sell at cost and transportation such of the commissary stores as he can, and with the remainder of the public property to proceed to Fort Rice by boat. There is here stationed a company of U. S. Volunteers which I suppose must be relieved according to general order. I have no troops to relieve them with, except Brackett's (Minnesota) battalion, which does not belong to my district, and I do look on this post as one of great importance, as it stops the trading with hostile Sioux. I request to know if I am to understand General Orders, Numbers 2, as taking Fort Rice and Fort Union out of my command. The former post is west of the Missouri and the latter in Montana. Fort Randall and Keya Paha are also west and south of the Missouri. I shall not so consider the order till I get further orders.
With much respect, Your obedient servant,
HEADQUARTERS NORTHWEST INDIAN EXPEDITION,
Fort Berthold, August 13, 1865.
ASST. ADJT. General, DEPARTMENT OF THE MISSOURI:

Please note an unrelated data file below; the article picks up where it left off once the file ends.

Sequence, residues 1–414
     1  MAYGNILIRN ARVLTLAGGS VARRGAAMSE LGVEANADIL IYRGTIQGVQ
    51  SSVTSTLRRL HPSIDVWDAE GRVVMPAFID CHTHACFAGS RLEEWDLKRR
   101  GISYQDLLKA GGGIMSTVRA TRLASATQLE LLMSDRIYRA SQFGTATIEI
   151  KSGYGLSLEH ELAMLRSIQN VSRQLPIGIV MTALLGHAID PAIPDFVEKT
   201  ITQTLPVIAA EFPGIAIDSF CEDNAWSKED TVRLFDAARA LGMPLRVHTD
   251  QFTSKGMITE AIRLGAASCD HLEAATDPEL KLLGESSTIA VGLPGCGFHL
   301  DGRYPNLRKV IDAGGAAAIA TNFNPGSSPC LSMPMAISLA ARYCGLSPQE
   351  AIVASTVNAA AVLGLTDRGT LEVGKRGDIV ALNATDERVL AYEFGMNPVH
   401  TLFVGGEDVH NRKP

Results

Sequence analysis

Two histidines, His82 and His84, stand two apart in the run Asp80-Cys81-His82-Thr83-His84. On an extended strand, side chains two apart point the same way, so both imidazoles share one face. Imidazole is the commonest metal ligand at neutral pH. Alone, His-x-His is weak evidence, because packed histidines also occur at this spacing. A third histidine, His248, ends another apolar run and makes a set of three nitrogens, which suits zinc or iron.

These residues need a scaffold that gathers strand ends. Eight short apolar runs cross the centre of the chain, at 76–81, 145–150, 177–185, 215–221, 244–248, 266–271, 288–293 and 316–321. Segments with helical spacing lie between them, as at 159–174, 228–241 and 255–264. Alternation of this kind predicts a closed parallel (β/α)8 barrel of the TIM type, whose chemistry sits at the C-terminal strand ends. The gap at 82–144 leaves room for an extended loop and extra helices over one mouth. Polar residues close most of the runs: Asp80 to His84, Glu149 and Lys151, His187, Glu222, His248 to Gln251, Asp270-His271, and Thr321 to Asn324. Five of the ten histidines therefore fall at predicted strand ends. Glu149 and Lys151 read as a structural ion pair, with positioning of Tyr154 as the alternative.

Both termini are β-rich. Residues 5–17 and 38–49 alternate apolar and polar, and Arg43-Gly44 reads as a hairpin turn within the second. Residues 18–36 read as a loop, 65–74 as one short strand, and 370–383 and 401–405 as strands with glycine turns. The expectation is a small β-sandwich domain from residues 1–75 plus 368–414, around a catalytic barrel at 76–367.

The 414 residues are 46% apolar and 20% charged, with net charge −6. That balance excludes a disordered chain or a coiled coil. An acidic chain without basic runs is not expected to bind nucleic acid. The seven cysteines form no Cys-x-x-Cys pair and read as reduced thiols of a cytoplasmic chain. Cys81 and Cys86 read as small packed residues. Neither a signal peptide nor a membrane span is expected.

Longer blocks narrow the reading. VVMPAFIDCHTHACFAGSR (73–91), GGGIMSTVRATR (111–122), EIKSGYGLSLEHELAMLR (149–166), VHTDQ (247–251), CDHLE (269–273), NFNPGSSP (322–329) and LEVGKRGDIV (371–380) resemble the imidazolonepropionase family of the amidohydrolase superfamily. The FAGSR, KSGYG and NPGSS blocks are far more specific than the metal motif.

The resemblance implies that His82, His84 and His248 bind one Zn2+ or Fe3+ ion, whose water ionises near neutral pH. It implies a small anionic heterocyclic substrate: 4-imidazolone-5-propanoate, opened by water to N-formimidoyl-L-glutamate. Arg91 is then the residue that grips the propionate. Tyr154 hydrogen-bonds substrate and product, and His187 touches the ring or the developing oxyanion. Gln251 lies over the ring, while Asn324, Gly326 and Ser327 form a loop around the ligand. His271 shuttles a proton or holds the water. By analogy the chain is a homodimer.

SIR: In my last report, dated August 8, and directed to the Department of the Northwest, I stated that I had heard that a large war party had left the hostile camp across the river for Fort Rice. Since then I have heard of them through the commanding officer at Fort Rice and through Indians from the camp. The commanding officer states they approached the herding party, and that there was quite a skirmish with the troops sent out to attack them. Two soldiers were killed, and it is thought quite a number of Indians were killed or wounded. It is also stated that Captain Moreland, Sixth Iowa Cavalry, with part of his company, behaved very handsomely. It is also said that some of them were dressed in soldiers' clothes, which they must have got from the Platte; also new patent fire-arms, and Indian scouts say the Cheyennes have large numbers of American horses. The Indian report is very much the same. Some 300 warriors went to Rice. They stole some twelve horses, and that about nine of their number were badly wounded, and of course they say they killed a great many whites. About the time this war party returned to the camp they got the news. I was only a few days' march from Berthold (how they got this news I can't tell). The whole camp then fled south, the friendly Indians feeling sure I would never make peace with them after the Rice affair. A trusty Indian, half ARickaree and half Uncpapa, followed their trail across the Bad Lands, the Little Missouri, to Beaver Creek, which empties into the Little Missouri, and found their trail still going southwest toward powder River. I telegraphed this to You, and also telegraphed to Fort Laramie for the information of general Connor, who I suppose is marching down the Powder. Of course I could not follow, for there are no means here of my crossing the river. It would take me over a week to build rafts and do so. On my arrival here I learned that a party of Cut-Heads and north Yanktonnais and some Santees, about 300 to 500 lodges, were somewhere up the country between the White Earth and Little Muddy Rivers. Where they exactly are I could not learn, but fear they are near the British line, which of course will prevent all hopes of my reaching the. And here I beg leave again to repeat what I have before stated. It is perfectly impossible for any Indian to be captured north of this part of the Missouri until the English Government grant us permission to cross